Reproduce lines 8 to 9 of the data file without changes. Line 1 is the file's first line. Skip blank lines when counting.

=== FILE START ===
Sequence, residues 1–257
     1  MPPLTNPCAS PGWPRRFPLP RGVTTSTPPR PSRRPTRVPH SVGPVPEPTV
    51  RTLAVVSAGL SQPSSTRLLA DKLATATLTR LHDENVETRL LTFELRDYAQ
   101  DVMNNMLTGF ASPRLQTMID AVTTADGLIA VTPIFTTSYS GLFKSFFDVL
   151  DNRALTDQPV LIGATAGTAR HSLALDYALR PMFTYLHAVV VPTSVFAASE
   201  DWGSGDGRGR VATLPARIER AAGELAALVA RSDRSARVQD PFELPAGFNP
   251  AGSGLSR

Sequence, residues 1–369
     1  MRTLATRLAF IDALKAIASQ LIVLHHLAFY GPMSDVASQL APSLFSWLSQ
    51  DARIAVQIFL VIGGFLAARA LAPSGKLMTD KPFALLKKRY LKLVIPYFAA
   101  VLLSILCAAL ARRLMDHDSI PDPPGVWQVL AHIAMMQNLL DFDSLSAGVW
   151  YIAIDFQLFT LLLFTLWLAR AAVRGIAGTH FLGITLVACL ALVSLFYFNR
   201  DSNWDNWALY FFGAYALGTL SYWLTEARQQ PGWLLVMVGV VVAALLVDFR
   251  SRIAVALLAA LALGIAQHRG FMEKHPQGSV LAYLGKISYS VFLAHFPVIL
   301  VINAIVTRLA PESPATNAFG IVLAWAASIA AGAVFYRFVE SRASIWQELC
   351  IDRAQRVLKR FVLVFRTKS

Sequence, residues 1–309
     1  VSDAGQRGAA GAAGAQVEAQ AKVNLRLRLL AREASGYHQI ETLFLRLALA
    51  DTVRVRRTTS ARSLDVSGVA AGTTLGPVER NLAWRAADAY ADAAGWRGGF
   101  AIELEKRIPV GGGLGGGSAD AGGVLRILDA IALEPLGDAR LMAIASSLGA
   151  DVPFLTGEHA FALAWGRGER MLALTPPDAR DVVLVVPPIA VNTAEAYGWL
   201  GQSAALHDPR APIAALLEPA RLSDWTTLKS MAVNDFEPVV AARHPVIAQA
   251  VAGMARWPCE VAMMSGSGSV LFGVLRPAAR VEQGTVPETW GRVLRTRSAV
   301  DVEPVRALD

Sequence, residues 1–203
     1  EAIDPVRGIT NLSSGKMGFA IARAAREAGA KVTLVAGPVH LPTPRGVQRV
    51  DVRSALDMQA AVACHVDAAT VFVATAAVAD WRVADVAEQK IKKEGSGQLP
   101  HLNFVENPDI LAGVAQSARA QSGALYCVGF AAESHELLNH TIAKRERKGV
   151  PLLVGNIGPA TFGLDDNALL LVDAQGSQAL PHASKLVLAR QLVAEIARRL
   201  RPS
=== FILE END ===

Sequence, residues 1–369
     1  MRTLATRLAF IDALKAIASQ LIVLHHLAFY GPMSDVASQL APSLFSWLSQ